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walking makes music happen in my head
i can't golf with or without you
by joe redden tigan
4.29.09
humor


Over 4.5 hours, walking a golf course develops rhythm. Rhythm in your heart. Rhythm in your mind. Rhythm in your flesh. Rhythm in those people and things around you. Everywhere, rhythm. Walking makes it impossible to keep songs out of my head over 18 holes. “Rio” does pop in every now and then and usually signifies a high energy level, though not always conducive to the best frame of golf-mind. “Rio” needs to be monitored, or it can overtake the game at hand. “Rio” can be harnessed, though.

“Billie Jean” is usually a given, and I figure my healthy stride somehow suits that beat, because it can come out of nowhere. Others that get a lot of play include “Get Back” “Holiday” and “Locomotive Breath.” “Goin’ Back to Cali” has been a favorite. “De Do Do Do, De Da Da Da” was in such heavy rotation at one time that the song simply would not dissipate or even fragment during any waking hours, which began to concern me. The ability of “De Do Do Do, De Da Da Da” to help me break 90 aside, its omnipresence seemed too implausible to live with over time, and the failure of certain measures to subdue it was unnerving. When the playing of “De Do Do Do, De Da Da Da” itself cranked on the stereo several times in a row one night at home did not work, I decided to go get drunk down the street at Cathy’s Tavern, not so much as a measure to ward off “De Do Do Do, De Da Da Da” as it was to just release the stress associated with carrying it around everywhere. In other words, I just figured I’d go get drunk with “De Do Do Do, De Da Da Da.” I happened to walk into Cathy’s Tavern just as someone lit up “Give It To Me, Baby” on the jukebox, which, even without any beer yet, interceded between me and “De Do Do Do, De Da Da Da” quite successfully.

Be that as it may, the power of song to propel a golfer to heightened successes should not be underestimated, and the power of walking to ignite song is incendiary. Overall in music as it relates to golf, some songs are “beat” songs that come via walking and they help maintain an excellent rhythm, and some songs are “motivational” and help to keep a positive message going in a player’s head. “Amber” is an example of a song that did both for me. Unfortunately, not all songs if stuck in one’s head will provide the right rhythm or the right message (much less both) necessary to maintain the cadence of a well-played round of golf. They can be disproportionately energizing. I have been known to mention “Barracuda,” “Dirty Deeds,” and “Immigrant Song” in this category.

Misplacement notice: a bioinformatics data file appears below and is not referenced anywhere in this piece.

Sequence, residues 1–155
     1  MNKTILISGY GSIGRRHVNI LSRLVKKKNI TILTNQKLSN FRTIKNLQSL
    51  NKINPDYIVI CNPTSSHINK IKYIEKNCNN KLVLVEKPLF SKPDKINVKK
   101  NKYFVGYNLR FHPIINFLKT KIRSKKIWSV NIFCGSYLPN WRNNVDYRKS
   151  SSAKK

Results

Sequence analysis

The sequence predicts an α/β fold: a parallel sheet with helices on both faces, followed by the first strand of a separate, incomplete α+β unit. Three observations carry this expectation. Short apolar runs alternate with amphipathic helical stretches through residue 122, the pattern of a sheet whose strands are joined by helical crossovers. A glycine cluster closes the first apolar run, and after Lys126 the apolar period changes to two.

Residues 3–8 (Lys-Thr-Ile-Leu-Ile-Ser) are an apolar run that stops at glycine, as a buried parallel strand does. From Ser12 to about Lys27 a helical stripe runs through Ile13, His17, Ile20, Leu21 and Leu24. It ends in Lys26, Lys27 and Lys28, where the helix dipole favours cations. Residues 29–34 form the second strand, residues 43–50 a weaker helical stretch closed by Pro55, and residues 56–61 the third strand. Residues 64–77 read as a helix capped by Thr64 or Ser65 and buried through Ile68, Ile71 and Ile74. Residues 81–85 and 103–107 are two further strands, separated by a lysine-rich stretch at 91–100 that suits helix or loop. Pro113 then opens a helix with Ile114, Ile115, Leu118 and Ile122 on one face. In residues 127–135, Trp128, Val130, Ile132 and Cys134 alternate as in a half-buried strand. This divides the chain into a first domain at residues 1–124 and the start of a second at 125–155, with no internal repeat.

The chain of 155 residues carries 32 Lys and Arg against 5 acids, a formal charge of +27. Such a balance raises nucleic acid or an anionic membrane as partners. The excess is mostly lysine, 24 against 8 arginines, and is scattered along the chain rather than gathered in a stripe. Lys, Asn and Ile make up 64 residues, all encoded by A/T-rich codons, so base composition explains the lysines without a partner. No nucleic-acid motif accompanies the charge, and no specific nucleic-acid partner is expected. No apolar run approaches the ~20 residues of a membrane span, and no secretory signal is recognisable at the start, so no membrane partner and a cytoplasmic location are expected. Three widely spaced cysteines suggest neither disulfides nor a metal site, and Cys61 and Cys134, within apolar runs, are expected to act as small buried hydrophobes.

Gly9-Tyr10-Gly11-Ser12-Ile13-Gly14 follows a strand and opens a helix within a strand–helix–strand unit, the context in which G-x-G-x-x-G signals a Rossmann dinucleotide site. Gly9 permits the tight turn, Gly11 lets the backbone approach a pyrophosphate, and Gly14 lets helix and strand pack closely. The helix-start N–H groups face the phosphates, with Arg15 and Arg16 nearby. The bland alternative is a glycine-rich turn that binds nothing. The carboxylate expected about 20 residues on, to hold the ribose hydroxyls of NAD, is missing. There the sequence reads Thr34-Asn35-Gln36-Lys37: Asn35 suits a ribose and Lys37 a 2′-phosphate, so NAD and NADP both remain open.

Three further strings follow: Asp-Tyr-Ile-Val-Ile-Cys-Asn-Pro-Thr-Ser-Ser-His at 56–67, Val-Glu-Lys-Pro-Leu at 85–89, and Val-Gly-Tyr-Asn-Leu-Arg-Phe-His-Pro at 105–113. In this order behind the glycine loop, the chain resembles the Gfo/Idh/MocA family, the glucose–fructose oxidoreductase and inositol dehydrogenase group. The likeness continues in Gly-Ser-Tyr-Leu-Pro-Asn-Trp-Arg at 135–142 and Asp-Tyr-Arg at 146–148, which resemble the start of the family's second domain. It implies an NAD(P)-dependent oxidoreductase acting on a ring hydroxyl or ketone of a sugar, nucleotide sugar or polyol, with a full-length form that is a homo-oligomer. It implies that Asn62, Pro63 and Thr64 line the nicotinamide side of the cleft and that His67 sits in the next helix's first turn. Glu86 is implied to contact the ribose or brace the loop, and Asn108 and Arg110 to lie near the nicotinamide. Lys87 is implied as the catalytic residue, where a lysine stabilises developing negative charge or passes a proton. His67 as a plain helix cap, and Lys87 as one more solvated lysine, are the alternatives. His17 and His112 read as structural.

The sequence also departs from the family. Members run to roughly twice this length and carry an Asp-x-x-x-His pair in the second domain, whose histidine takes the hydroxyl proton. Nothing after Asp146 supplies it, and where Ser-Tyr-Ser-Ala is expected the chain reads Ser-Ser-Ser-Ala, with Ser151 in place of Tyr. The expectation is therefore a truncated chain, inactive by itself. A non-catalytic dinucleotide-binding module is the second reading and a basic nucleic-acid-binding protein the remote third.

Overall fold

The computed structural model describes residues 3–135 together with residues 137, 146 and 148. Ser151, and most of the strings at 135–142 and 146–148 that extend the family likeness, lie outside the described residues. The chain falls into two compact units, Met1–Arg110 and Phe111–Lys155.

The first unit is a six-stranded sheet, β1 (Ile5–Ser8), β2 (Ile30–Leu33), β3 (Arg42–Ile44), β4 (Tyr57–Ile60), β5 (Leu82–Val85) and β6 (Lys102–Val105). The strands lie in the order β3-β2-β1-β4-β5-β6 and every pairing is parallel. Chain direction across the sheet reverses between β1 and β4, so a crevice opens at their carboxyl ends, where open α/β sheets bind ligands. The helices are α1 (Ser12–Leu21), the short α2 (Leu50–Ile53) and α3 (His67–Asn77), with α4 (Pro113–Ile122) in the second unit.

Even if you took away walking’s ability to ignite song, walking would still be the most important factor in golf. It must be so overtly characteristic to the game walking must be because it is so completely overlooked as golf ’s heart. Walking is certainly golf ’s major challenge and its ultimate pleasure. Everything that happens during 18 holes is born from walking.

For the weekender, though, it is getting more and more difficult now to walk. In possibly one of the grossest forms of unchecked greed, golf courses and golf course architecture are restricting walking completely and offering only cart-taking as an option. They are being built golf courses are around cart paths, pavement mind you, in order for rounds to be played quicker allowing more people to “get through” the course in a day. “Higher turnover.” This isn’t particularly a new phenomenon, but it is rampant now. And alarming. Many courses today, and this is flat out disgusting, charge the same amount for walking a round as they do for riding a cart. To discourage walking, that’s why. But carts will never look truly at home on a golf course. For the sake of those that are unable to make the walk but still enjoy the fresh air and can put a decent move on the ball, carts aren’t really hurting anybody. But for those that are fully able to make the walk and choose a cart anyway, especially those that just assume that is the procedure, there is nary a more heartbreaking example of carpe diem gone utterly to waste.





ABOUT JOE REDDEN TIGAN

Joe Redden Tigan’s first novel does not have enough commas. It says so right there in the Foreword magazine review. Despite that, Waggle was bumped to iUniverse's Star Book program and is currently being considered for an Independent Publisher’s Book Award.

more about joe redden tigan

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COMMENTS

russ carr
4.29.09 @ 10:37a

just as someone lit up “Give It To Me, Baby” on the jukebox

Rick James is a helluva drug.

[edited]

joe redden tigan
4.29.09 @ 12:40p

i wish i could bottle rick james. when he was alive. when he was alive making hit music. i think you know where i'm trying to go with this.



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